We see metrics and statistics on different levels of abstraction. While statistics (in particular, Incremental Statistics) characterize time-stamped data series whitout any relations with another series, metrics are data sources for statistics and can aggragate related statistics.

Mertics are an interface to represent internal processes and inherent data in user’s application. And metrics’ collected statistics provide user an opportunity to understand application’s state.

Examples of metrics presented in handystats library are:

  • counters
  • timers
  • gauges


Counter is just an integer that starts with initial value (often it’s zero) and can be incremented and decremented by delta values.

Counters depsite and due to its simplicity are one of the most widely used type of metrics.

For example, it can represent number of active users, size of internal queue in user’s application and a lot more other data with the only restriction that data change by deltas. If you want to track data that change by its value see Gauges.

What Statistics Counter Can Provide?

It’s obvious that last value of counter is pretty much meaningless and gives your no information about counter’s previous states and its behaviour.

Therefore, in addition to last value and last timestamp of counter we provide the following statistics:

  • values

    This statistics collect values through which counter passes in between its changes by deltas.

    For example, if counter starts with 0 as initial value and then changes by the following deltas: 1, 2, -3, 5, 10.

    Then values through which the counter has passed will be: 0, 1, 3, 0, 5, 15.

  • increasing deltas

    This statistics collect only positive deltas by which counter changeses.

    As in above example, positive deltas will be: 1, 2, 5, 10.

  • decreasing deltas

    This statistics collect absolute values of only negative deltas by which counter changeses.

    As in above example, positive deltas will be: 3.

  • deltas

    This statistics collect all deltas by which counter changeses.

    As in above example, deltas will be: 1, 2, -3, 5, 10.

Aggregation of all of the above data (values, increasing deltas, decreasing deltas, deltas) are performed by incremental statistcs. See Incremental Statistics for more details.


Timer allows you to measure time spans durations and collects statistics about these duration values.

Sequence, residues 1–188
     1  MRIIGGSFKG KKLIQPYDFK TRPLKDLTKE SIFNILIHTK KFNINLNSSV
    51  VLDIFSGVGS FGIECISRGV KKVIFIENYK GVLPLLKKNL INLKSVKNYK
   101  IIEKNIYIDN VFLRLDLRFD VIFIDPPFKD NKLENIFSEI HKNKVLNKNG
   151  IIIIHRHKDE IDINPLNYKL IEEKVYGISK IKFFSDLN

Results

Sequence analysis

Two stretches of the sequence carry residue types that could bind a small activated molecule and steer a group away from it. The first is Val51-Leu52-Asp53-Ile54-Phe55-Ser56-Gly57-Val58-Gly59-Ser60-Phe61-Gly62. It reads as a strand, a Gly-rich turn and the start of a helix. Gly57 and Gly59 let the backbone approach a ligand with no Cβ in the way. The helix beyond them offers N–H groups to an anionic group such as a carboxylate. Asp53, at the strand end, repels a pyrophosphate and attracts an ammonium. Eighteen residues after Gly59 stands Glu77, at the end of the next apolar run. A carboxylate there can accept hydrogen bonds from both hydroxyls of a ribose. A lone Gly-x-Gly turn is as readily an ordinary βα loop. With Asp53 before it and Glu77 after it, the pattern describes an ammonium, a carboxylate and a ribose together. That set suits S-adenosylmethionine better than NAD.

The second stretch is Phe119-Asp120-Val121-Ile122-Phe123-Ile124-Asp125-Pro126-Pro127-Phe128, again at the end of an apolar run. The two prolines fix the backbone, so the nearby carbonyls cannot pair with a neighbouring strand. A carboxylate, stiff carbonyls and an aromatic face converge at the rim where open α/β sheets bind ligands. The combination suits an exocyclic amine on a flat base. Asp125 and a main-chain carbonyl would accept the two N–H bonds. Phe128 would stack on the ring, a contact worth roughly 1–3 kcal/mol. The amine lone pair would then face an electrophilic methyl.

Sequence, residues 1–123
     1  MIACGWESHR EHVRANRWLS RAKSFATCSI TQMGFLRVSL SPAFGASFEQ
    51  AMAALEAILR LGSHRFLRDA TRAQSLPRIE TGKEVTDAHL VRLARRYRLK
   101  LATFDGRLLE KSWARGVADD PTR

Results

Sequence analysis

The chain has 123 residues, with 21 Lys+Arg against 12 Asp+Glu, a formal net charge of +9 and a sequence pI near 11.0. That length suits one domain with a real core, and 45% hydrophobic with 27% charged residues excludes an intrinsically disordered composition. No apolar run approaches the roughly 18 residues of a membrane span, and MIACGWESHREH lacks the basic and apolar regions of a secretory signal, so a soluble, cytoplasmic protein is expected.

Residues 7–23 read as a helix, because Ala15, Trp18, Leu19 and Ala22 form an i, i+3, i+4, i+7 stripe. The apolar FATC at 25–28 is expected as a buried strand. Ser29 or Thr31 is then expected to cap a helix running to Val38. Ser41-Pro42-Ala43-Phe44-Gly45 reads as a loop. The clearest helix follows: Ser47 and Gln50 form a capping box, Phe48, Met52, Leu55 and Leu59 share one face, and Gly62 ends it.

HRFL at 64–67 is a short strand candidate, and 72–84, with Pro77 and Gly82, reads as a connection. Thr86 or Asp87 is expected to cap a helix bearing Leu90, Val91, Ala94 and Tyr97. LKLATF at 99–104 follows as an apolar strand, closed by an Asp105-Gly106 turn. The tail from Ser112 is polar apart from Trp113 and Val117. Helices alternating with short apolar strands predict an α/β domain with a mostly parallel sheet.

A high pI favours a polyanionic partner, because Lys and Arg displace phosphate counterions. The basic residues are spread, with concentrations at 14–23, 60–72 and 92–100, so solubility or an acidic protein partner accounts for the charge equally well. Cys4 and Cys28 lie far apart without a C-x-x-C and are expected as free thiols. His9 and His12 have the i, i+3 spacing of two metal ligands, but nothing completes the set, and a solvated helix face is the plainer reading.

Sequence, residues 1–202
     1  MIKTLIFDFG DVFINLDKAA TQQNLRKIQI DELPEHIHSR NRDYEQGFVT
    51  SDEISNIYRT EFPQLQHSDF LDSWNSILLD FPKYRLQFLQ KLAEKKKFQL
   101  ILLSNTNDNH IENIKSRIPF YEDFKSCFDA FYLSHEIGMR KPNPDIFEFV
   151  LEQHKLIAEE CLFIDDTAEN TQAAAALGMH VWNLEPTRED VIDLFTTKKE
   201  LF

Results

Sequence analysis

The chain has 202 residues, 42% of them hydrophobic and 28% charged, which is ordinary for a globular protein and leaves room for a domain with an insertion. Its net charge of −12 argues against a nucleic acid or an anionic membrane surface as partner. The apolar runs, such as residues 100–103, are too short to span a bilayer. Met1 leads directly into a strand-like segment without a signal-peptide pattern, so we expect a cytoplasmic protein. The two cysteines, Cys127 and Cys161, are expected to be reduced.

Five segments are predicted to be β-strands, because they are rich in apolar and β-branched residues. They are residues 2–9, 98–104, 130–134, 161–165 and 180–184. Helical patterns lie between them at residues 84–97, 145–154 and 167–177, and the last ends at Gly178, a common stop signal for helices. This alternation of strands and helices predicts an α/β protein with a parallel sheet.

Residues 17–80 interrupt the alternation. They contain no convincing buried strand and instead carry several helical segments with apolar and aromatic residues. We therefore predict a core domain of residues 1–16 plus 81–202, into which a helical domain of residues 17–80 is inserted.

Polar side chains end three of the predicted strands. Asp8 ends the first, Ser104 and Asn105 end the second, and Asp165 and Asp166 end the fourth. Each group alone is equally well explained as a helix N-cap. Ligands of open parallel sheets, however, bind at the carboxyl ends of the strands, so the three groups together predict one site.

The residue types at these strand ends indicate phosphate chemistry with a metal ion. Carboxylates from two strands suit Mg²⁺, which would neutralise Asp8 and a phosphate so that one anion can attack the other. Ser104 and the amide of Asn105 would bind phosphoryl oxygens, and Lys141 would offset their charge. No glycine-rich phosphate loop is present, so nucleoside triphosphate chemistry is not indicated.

Time spans measured by particular timer can overlap with each other. For example, it can be time spans measured from different threads or time spans between events’ entrance and its processing completion.

See chrono for more details on how we measure time spans and why it’s highly accurate.

Timer’s Instances

To support overlapping time spans by single timer we introduce the term of timer’s instance.

Timer’s instance marked with unique ID within single timer defines currently active time span. When this active time span ends timer’s instance measures total time span’s duration and updates collected timer statistics. After that corresponding timer’s instance is removed from the timer and its unique ID becomes free for subsequent use.

Timer’s Timeout

Sometimes user might forget to send final event for particular timer’s instance or measured event took too long time for completion.

Anyway, we can’t allow timer’s instance to live forever.

Timer’s instance is allowed to live with no events for this particular instance up to idle timeout. If no events have been received by timer’s instance during this time interval, timer’s instance is considered dead and is removed from the timer with no impact on collected statistics.

You can configure this option, see Configuration for more details.

But if you want to extend lifetime of particular timer’s instance you should send heartbeat events during measured time interval to tell handystats library core that timer’s instance is alive.

What Statistics Timer Can Provide?

As with counter’s statistics only last time span’s duration and last timestamp are not enough.

Thus handystats library provide statistics about all values collected by timer – durations of all correctly finished timer’s instances.

Aggregation of collected values are performed by incremental statistics. See Incremental Statistics for more details.


Gauge is the simplest type of statistics. It collects only values that you pass to the metric.

For example, you might want to measure size of some structure that updates without your influence. At this point you can request size of the structure from time to time and pass requested values to the gauge metric.

Underlying data aggregation is exactly incremental statistics. See Incremental Statistics for more details.